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Metabolic Acidosis

Medically reviewed by Last updated on May 2, 2022.

What do I need to know about metabolic acidosis?

Metabolic acidosis occurs when you have too much acid in your blood. It can increase your risk for infection and heart problems, and can worsen kidney problems. Metabolic acidosis may become severe or life-threatening.

What increases my risk for metabolic acidosis?

  • Diabetes that is not controlled
  • High levels of alcohol or drugs in your blood
  • Health conditions such as seizures, liver disease, kidney failure, or muscle disease
  • Chronic diarrhea
  • Poisonings by carbon monoxide or other chemicals

What are the signs and symptoms of metabolic acidosis?

  • Uncontrolled, deep breathing
  • Nausea and vomiting
  • Weakness or confusion
  • Not able to be woken easily

How is metabolic acidosis diagnosed?

Blood and urine tests are done to check oxygen, carbon dioxide, and acid levels. They may also check kidney function and get information about your overall health.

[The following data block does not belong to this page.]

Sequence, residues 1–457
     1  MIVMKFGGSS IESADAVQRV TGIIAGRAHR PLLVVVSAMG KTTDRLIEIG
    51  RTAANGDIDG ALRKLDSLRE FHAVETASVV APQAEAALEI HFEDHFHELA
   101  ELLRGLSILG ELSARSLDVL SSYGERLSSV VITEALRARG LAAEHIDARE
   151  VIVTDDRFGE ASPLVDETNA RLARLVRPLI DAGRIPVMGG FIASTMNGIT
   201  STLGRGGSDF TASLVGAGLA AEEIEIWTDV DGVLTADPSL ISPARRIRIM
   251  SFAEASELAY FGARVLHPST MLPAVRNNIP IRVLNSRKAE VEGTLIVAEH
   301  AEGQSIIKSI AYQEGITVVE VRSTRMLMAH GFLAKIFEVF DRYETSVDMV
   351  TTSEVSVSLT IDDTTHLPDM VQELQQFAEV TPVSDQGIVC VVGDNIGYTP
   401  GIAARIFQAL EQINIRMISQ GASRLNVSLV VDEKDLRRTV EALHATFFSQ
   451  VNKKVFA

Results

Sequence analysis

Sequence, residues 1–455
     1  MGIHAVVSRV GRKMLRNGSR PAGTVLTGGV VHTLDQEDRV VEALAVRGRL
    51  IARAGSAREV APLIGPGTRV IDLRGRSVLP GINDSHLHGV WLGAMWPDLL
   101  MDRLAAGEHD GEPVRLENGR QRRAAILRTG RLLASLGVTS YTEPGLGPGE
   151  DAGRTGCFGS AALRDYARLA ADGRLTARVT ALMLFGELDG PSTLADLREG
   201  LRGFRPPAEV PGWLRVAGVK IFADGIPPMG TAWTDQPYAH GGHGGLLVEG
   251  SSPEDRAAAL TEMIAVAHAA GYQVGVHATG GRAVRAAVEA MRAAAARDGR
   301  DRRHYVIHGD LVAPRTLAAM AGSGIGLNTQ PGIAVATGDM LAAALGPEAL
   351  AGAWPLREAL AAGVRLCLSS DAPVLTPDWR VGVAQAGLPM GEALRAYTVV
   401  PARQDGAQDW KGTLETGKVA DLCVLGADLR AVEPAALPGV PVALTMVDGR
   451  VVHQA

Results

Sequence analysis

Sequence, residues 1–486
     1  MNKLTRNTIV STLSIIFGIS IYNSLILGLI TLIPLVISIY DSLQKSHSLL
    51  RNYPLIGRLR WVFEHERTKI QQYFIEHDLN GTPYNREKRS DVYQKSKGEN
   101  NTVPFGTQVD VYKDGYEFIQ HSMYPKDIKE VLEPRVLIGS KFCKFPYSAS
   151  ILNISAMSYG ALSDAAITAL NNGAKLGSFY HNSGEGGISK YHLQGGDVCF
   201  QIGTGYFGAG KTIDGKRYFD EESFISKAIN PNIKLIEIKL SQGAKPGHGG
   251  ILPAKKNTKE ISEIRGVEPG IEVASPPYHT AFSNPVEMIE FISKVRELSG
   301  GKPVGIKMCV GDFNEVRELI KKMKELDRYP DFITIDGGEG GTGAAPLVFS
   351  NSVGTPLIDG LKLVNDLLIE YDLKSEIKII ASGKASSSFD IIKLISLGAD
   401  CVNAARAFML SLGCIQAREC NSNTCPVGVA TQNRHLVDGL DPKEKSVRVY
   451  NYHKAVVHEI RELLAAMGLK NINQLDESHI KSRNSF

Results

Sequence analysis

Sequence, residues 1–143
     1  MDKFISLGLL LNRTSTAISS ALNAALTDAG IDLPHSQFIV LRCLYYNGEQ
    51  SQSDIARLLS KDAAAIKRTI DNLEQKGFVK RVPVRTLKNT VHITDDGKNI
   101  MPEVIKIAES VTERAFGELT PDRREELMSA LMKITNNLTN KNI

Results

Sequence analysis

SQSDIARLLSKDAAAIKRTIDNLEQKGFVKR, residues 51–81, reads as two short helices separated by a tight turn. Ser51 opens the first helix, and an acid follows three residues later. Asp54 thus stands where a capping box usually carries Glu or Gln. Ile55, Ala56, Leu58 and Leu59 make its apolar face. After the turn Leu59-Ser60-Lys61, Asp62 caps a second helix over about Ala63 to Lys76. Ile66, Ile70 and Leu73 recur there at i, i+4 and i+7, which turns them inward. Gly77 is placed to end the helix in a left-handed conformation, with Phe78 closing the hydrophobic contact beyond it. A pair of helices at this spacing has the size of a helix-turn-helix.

How is metabolic acidosis treated?

Treatment is based on what is causing your metabolic acidosis. If your symptoms are severe, you may need IV medicine to balance acid levels in your blood.

Treatment options

The following list of medications are in some way related to or used in the treatment of this condition.

When should I contact my healthcare provider?

  • You have nausea and vomiting.
  • Your symptoms return or get worse.
  • You have questions or concerns about your condition or care.

When should I seek immediate care or call 911?

  • You have uncontrolled, deep breathing.
  • You become weak or confused.
  • You cannot be woken easily.

Care Agreement

You have the right to help plan your care. Learn about your health condition and how it may be treated. Discuss treatment options with your healthcare providers to decide what care you want to receive. You always have the right to refuse treatment. The above information is an educational aid only. It is not intended as medical advice for individual conditions or treatments. Talk to your doctor, nurse or pharmacist before following any medical regimen to see if it is safe and effective for you.

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Further information

Always consult your healthcare provider to ensure the information displayed on this page applies to your personal circumstances.